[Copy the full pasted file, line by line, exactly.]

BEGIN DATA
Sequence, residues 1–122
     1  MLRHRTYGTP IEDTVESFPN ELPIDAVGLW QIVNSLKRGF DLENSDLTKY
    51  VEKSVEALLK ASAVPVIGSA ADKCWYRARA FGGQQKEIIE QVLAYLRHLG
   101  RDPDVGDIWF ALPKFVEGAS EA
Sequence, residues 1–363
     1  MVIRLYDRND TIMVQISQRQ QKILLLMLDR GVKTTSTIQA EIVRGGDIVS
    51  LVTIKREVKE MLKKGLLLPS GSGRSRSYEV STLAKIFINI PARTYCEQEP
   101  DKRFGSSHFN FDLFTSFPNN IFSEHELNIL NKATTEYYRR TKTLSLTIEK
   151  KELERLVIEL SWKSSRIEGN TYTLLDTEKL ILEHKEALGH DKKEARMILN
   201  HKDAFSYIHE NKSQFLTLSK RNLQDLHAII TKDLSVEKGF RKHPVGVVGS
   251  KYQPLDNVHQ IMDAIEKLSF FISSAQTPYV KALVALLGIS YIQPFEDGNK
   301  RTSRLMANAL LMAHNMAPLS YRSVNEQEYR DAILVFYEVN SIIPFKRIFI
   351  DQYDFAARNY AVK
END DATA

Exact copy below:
Sequence, residues 1–122
     1  MLRHRTYGTP IEDTVESFPN ELPIDAVGLW QIVNSLKRGF DLENSDLTKY
    51  VEKSVEALLK ASAVPVIGSA ADKCWYRARA FGGQQKEIIE QVLAYLRHLG
   101  RDPDVGDIWF ALPKFVEGAS EA
Sequence, residues 1–363
     1  MVIRLYDRND TIMVQISQRQ QKILLLMLDR GVKTTSTIQA EIVRGGDIVS
    51  LVTIKREVKE MLKKGLLLPS GSGRSRSYEV STLAKIFINI PARTYCEQEP
   101  DKRFGSSHFN FDLFTSFPNN IFSEHELNIL NKATTEYYRR TKTLSLTIEK
   151  KELERLVIEL SWKSSRIEGN TYTLLDTEKL ILEHKEALGH DKKEARMILN
   201  HKDAFSYIHE NKSQFLTLSK RNLQDLHAII TKDLSVEKGF RKHPVGVVGS
   251  KYQPLDNVHQ IMDAIEKLSF FISSAQTPYV KALVALLGIS YIQPFEDGNK
   301  RTSRLMANAL LMAHNMAPLS YRSVNEQEYR DAILVFYEVN SIIPFKRIFI
   351  DQYDFAARNY AVK